- Chomón, Segundo de
- (1871-1929)An inventor and master of trick photography, Segundo de Chomón was one of the true pioneers of Spanish cinema. He has been called "the Spanish Meliés," and indeed his most enduring impact was in the creation of magical effects (which is what cinema was all about in the beginning) in the first two decades of the film industry, although he also had a career as a producer and became one of the first film industrialists, bridging the gap between the French and Spanish film industries at the beginning of the 20th century.He arrived in Paris in 1895, just in time to see the earlier manifestation of the Lumière brothers invention. His first job in the primitive film industry was for George Méliès and the Pathé Brothers company, hand-painting frames to produce color effects in early films. He even invented a device, called a pochoir, to speed up the process. In 1902, he returned to Spain as a representative of Pathé, producing a long series of documentary shorts and fictions (he had a preference for fantasy and fairy tales) with a camera he made himself, thus working in two lines of cinematic development: the creation of illusion and the recording of reality. Between 1905 and 1909, he worked again in Paris, and his films became extremely popular: he was regarded as one of the most skilled technicians of the age and took part in many successful productions. In this period, he produced his most inventive work, including the use of primitive tracking shot as early as 1907.Some of Chomón's special effects have become legendary, as evidenced in the remarkable Electric Hotel (1908), in which inert objects were brought to life through visual trickery. Also in Paris, he came into contact with artistic movements that prefigured surrealism. In 1910, after making a small fortune, he decided to set up his own company back in Barcelona. The enterprise did not work as well as he had intended, and in November of that year he was working again for Pathé. His reputation remained strong, and he was called upon to design trick photography for one of the first big European epics, Giovanni Pastrone's Cabiria (1914) (among other productions with the same director, including the stories about the legendary prehistoric hero Maciste). He settled in Paris again in 1923. His last important participation was as trick photographer for Abel Gance's Napoleon (1926). The following year, he made his last contribution for a dream sequence featuring a giant ape in Benito Perojo's El negro que tenía el alma blanca (The Black Man Who Had a White Soul).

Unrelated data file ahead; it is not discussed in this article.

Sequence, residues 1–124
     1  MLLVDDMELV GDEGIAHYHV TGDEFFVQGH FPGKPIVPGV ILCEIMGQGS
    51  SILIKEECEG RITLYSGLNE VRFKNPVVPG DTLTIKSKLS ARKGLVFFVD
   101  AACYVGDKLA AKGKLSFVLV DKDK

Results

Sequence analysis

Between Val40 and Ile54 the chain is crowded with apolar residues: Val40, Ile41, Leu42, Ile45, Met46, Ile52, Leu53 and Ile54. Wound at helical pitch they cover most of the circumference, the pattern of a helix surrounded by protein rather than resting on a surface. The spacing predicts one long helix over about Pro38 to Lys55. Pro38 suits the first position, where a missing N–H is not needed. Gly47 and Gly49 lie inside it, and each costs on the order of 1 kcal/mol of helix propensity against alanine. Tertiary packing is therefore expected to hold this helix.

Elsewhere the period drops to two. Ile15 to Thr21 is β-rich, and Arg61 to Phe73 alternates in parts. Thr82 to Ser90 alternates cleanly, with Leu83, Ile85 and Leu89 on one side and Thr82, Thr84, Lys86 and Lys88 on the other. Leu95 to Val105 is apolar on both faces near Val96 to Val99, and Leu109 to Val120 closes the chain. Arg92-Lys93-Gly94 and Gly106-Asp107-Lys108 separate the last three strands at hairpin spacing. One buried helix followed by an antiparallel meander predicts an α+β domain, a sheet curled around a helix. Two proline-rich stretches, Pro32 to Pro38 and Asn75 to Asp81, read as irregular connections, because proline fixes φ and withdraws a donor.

Historical dictionary of Spanish cinema. Alberto Mira. 2010.